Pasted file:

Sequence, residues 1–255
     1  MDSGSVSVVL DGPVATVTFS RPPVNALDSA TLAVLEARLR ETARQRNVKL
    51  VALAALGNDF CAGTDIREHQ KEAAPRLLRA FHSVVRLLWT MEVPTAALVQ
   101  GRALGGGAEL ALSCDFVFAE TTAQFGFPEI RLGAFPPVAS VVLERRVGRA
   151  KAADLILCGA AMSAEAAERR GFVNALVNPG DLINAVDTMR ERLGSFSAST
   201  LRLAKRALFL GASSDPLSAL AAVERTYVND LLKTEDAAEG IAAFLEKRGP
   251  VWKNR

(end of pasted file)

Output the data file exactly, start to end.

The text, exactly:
Sequence, residues 1–255
     1  MDSGSVSVVL DGPVATVTFS RPPVNALDSA TLAVLEARLR ETARQRNVKL
    51  VALAALGNDF CAGTDIREHQ KEAAPRLLRA FHSVVRLLWT MEVPTAALVQ
   101  GRALGGGAEL ALSCDFVFAE TTAQFGFPEI RLGAFPPVAS VVLERRVGRA
   151  KAADLILCGA AMSAEAAERR GFVNALVNPG DLINAVDTMR ERLGSFSAST
   201  LRLAKRALFL GASSDPLSAL AAVERTYVND LLKTEDAAEG IAAFLEKRGP
   251  VWKNR